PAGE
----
How much cheating do we see in baseball? It’s pretty hard to do. Oh, there’s the occasional row with the ump or dugout-clearing donnybrook, but that’s about it.  In throwball, there’s holding on nearly every play and interference is used as a tactic. But flags are thrown without convening a congress. Intentional fouls are accepted tactical norms near the end of close basketball games, but the free throw is an appropriate remedy, readily applied.

Current politics notwithstanding, Americans of the U.S. stripe are lovers of “Truth, Justice and the American Way.” In a way, it’s good that no U.S. team is currently participating in these crooked antics in Russia. But we’ve seen too much similar cheating in MLS for years. It’s preventable, it’s sanctionable, and it’s un-American.

Wouldn’t it be nice if American Footy became a beacon of light to the rest of the futbol-loving world? Wouldn’t it be novel if we had really good refs here among the mountains’ majesty who insisted on keeping the game truly fair? Wouldn’t it be great to make a truly Beautiful Game a hallmark of the MLS and USMNT?

Why not Make Soccer Great Again?

(Sorry, had to go for it. Now, back to our regularly scheduled reality. Enjoys the fireworks).

 

19 Comments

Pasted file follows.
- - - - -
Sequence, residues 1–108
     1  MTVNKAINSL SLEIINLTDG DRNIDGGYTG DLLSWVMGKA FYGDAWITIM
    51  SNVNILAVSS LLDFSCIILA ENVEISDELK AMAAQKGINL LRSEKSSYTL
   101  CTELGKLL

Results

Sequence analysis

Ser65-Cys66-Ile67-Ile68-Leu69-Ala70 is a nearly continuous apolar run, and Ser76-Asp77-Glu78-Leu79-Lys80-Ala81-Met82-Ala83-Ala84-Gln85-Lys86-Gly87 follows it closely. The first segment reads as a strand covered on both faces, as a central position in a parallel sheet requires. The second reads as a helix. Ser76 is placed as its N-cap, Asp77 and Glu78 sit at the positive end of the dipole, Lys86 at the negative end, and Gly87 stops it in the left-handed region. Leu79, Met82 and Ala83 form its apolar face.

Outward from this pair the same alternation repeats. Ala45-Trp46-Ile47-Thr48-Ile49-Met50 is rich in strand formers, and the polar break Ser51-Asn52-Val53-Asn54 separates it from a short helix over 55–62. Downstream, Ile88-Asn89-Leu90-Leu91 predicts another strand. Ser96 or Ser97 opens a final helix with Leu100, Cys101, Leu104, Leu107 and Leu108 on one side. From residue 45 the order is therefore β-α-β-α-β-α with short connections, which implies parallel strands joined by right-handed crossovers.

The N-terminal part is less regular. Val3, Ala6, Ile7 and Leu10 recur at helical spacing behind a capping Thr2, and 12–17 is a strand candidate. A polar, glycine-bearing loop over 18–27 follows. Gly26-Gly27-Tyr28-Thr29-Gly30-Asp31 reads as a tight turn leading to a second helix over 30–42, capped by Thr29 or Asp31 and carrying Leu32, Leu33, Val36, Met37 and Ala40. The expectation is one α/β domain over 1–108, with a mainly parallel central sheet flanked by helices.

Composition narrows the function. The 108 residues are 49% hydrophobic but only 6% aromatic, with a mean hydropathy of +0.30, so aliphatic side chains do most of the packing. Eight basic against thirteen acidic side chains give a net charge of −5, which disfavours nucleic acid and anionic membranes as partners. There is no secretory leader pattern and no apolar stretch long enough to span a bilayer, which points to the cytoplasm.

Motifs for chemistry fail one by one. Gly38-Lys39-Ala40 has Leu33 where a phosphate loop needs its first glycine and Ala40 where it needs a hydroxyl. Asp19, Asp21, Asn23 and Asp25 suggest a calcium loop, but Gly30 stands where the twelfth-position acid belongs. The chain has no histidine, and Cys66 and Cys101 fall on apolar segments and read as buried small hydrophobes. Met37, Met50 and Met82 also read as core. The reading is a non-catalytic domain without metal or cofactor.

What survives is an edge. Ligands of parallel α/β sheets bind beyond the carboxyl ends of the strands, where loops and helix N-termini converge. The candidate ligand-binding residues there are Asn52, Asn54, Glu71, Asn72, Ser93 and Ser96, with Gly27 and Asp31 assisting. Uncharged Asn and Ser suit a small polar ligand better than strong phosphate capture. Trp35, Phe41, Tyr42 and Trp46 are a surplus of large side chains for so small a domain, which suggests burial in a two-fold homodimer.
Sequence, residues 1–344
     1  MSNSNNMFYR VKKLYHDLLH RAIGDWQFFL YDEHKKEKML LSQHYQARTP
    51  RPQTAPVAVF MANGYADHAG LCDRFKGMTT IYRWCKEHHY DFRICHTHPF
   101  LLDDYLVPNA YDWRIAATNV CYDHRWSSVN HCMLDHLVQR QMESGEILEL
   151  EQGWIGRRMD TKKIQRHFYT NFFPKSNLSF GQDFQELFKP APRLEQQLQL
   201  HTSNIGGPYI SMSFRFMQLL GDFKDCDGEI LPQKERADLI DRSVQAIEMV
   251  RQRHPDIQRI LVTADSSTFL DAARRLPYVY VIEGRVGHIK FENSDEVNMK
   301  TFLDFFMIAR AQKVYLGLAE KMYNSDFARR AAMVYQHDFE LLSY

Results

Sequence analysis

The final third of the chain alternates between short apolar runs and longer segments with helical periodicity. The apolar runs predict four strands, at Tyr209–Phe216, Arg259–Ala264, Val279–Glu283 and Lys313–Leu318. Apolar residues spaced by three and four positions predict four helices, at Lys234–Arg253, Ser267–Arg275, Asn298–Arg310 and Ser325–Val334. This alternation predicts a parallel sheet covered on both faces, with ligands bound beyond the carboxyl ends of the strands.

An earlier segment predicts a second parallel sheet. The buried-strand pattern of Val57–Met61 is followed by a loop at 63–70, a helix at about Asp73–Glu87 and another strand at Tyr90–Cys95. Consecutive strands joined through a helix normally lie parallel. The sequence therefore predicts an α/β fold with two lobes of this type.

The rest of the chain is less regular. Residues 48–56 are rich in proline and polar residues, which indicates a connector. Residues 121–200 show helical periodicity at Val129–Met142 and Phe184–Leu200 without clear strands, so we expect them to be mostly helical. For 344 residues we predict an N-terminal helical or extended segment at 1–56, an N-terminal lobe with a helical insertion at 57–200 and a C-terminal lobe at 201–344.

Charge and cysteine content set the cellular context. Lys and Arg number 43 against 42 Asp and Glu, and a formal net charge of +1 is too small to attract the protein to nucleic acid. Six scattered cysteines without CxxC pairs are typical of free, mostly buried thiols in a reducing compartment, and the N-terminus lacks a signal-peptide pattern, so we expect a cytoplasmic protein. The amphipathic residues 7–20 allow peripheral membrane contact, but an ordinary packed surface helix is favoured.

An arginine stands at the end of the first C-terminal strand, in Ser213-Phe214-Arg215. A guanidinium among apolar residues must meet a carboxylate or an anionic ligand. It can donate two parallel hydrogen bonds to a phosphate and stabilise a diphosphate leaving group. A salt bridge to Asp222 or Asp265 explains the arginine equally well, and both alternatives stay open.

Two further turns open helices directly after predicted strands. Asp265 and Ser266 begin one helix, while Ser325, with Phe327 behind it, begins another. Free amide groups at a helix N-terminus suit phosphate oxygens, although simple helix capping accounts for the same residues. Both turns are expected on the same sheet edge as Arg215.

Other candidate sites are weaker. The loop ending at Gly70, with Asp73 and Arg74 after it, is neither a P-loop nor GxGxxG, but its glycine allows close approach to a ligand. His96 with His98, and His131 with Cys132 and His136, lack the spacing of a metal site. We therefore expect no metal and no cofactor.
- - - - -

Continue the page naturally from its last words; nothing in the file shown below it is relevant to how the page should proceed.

1. Thanks Matt. As a long time reader of this site I truly appreciate the thought. I would be happy to have better refs in the league! And the thuggery inside the box wouldn’t be so bad if only a few cards and PKs were issued. Thanks for taking time out of the 4th to post. Have a great Holliday! Now….where to find fireworks…

  2. Buccistick says:

    All the more timely because of our nation’s proxy representation in last night’s Colombia v England match. As the man in the middle for so much dispute and dissent, Mark Geiger reminded the global game of America — for better and for worse (far worse, according to Colombia).
    *
    Since Matt’s post inevitably turns to fair play, and to refereeing … to you and the larger PSP community, I ask: if we reverse the lens on this thesis and then examine last night’s 120 minutes plus penalties through the microcosm of US officiating, how does the rest of the world answer Matt’s closing trio of rhetorical questions?

    • Geiger lost control of the match. Pure and simple. Were any of his calls heinous or outrageous? Not really. Did the Colombians play dirty? Sure, and it seemed to increase as the pressure to tie it up increased. They probably had 2 players that should have been shown the door. They should be more upset at their own play than the ref.
      .
      It seems to me that the Latin teams have a propensity for cheating. You name it, they do it, and the amount or frequency depends on the score. I find it hard to support any Latin America team for this reason. I take joy in watching them lose.

    • I think Colombia behaved the way they did in part because they came into that match with no respect for Geiger. I think Geiger did a good job of keeping that game from spinning totally out of control. If he had sent a Colombia player off, which would have been totally fair, the whole narrative afterwards would be that a ref decided the match. Look at Maradona’s bullshit comment about the ref knowing baseball but not football. Colombia got what they deserved for playing an outrageously negative game. They have no one to blame but themselves.